Nearly 4500 US troops would die and over 30,000 more wounded in the campaign. Hundreds of thousands of Iraqis were killed, wounded or died of disease during the war.  Lawrence wrote about the British administration of Iraq words that could well have been written about Bremer’s Coalition Provisional Authority:

“Meanwhile, our unfortunate troops, Indian and British, under hard conditions of climate and supply, are policing an immense area, paying dearly every day in lives for the willfully wrong policy of the civil administration in Bagdad.”

It took dramatic efforts in blood and treasure to restore the some modicum of security in Iraq, something that was only accomplished when the Sunni tribes of Anbar Province turned against the Al Qaeda backed foreign fighters. The surge under the command of General David Petreus achieved the desired result. It gave the Iraqis a chance to stabilize their government and increase their own security forces, however it can hardly be called a triumph.

Unfortunately many of those that remained in power of the Shia sect refused to share power in meaningful ways with Iraq’s Sunni and Kurds leading to a political crisis. The US military mission ended in December 2011 and since then Iraq security forces and civil authorities, often divided by tribal or sectarian loyalties have struggled to maintain order. The result is that by 2013 that Iraq was again heading toward the abyss of civil war. Most of this has to be laid at the feet of Prime Minister Nouri Al-Maliki who has done everything that he can to break promises made to Sunnis and Kurds, and dishonor the Sunnis who fought to save his government in 2007-2008. Sunni protestors in Anbar and other provinces conducted frequent protests which were met by brute force. Sectarian violence spread, and ISIL/ISIS a move violent and vicious offshoot of Al Qaida gained control of Fallujah and parts of Ramadi. In the north, Mosul and Tikrit have fallen and there are reports that some ISIL/ISIS fighters entered Baghdad this evening. Casualties in Iraq are continuing to mount and a humanitarian crisis is developing as hundreds of thousands of Iraqis flee the violence, feeling threatened by both the fighters and the Maliki government.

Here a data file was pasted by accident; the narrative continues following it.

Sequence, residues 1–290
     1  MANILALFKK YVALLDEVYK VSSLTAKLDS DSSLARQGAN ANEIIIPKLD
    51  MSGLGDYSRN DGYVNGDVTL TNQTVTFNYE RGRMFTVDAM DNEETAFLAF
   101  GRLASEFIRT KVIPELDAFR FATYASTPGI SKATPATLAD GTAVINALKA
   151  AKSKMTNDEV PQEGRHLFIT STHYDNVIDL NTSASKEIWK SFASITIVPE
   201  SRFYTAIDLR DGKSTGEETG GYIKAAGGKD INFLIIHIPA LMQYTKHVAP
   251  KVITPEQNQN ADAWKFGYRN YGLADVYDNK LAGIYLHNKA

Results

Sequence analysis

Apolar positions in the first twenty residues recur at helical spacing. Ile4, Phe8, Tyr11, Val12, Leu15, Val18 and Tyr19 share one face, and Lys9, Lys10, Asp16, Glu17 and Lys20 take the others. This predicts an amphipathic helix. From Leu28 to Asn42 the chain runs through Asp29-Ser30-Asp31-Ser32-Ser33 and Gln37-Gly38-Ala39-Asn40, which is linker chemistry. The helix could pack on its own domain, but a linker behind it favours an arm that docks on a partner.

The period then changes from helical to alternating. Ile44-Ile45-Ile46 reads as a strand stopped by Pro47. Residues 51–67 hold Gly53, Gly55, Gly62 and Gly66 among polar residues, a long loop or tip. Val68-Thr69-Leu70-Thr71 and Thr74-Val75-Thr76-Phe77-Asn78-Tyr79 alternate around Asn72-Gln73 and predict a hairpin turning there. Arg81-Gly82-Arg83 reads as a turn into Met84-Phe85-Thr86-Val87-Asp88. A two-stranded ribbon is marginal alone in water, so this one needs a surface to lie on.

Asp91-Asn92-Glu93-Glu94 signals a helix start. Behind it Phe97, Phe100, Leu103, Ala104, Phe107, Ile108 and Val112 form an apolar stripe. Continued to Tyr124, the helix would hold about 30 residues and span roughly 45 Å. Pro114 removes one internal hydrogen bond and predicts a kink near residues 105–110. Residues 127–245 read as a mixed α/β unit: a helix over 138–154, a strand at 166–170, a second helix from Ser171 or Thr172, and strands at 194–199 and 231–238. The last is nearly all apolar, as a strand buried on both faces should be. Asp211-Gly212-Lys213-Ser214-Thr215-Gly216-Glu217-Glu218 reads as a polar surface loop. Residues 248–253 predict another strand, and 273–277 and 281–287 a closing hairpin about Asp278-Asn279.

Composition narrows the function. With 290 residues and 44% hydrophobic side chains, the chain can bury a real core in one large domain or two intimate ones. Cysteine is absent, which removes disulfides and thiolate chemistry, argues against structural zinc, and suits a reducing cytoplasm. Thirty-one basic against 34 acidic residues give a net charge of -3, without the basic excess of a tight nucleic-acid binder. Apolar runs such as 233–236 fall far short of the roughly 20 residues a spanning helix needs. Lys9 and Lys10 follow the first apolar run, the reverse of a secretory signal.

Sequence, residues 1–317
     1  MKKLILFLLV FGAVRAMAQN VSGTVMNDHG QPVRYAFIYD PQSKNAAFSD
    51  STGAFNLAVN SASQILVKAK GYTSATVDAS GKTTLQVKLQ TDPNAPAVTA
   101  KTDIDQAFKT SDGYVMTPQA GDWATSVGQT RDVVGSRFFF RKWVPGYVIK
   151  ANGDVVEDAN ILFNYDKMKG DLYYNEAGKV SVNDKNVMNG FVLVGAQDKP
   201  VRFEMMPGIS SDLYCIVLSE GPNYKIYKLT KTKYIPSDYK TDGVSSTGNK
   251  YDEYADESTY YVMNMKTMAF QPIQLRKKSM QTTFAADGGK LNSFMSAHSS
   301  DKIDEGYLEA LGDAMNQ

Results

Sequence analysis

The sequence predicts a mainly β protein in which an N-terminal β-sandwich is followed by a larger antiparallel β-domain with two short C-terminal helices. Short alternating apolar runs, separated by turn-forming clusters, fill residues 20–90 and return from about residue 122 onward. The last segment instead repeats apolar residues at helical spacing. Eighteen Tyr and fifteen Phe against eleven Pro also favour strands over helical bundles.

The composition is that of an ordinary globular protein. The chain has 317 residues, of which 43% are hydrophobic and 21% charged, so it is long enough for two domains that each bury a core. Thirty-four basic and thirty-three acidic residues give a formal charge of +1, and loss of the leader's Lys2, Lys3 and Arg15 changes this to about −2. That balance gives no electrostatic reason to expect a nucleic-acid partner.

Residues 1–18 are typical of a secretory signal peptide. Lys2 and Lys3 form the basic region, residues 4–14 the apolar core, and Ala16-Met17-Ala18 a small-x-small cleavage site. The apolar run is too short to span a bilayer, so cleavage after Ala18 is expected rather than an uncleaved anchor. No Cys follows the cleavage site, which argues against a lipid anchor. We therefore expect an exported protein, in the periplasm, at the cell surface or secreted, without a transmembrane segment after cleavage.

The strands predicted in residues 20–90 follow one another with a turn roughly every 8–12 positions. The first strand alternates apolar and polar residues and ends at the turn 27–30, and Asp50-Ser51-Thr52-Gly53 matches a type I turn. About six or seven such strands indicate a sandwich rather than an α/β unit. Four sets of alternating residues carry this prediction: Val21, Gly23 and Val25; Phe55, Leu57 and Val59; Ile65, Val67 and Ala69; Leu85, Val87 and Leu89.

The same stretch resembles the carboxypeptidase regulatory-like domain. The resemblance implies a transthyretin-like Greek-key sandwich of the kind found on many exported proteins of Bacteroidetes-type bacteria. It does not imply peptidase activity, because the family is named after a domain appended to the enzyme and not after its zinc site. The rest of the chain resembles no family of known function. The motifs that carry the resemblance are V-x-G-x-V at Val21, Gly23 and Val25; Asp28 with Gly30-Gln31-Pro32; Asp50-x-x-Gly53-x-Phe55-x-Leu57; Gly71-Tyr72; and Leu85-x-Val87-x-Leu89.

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To the west in Syria a brutal civil war has been going on for three years. Like Iraq it pits Sunni against Shia, as well as Kurd and foreign fighters from a score of nations, some fighting as part of a Free Syria movement, others as part of the Al Qaeda coalition and others beside Syria’s government. Now many of the Iraqi elements of ISIS/ISIL have breached the border with Syria and are attempting to redraw the political map of the Middle East, ravaging the vestiges of the Sykes-Picot agreement.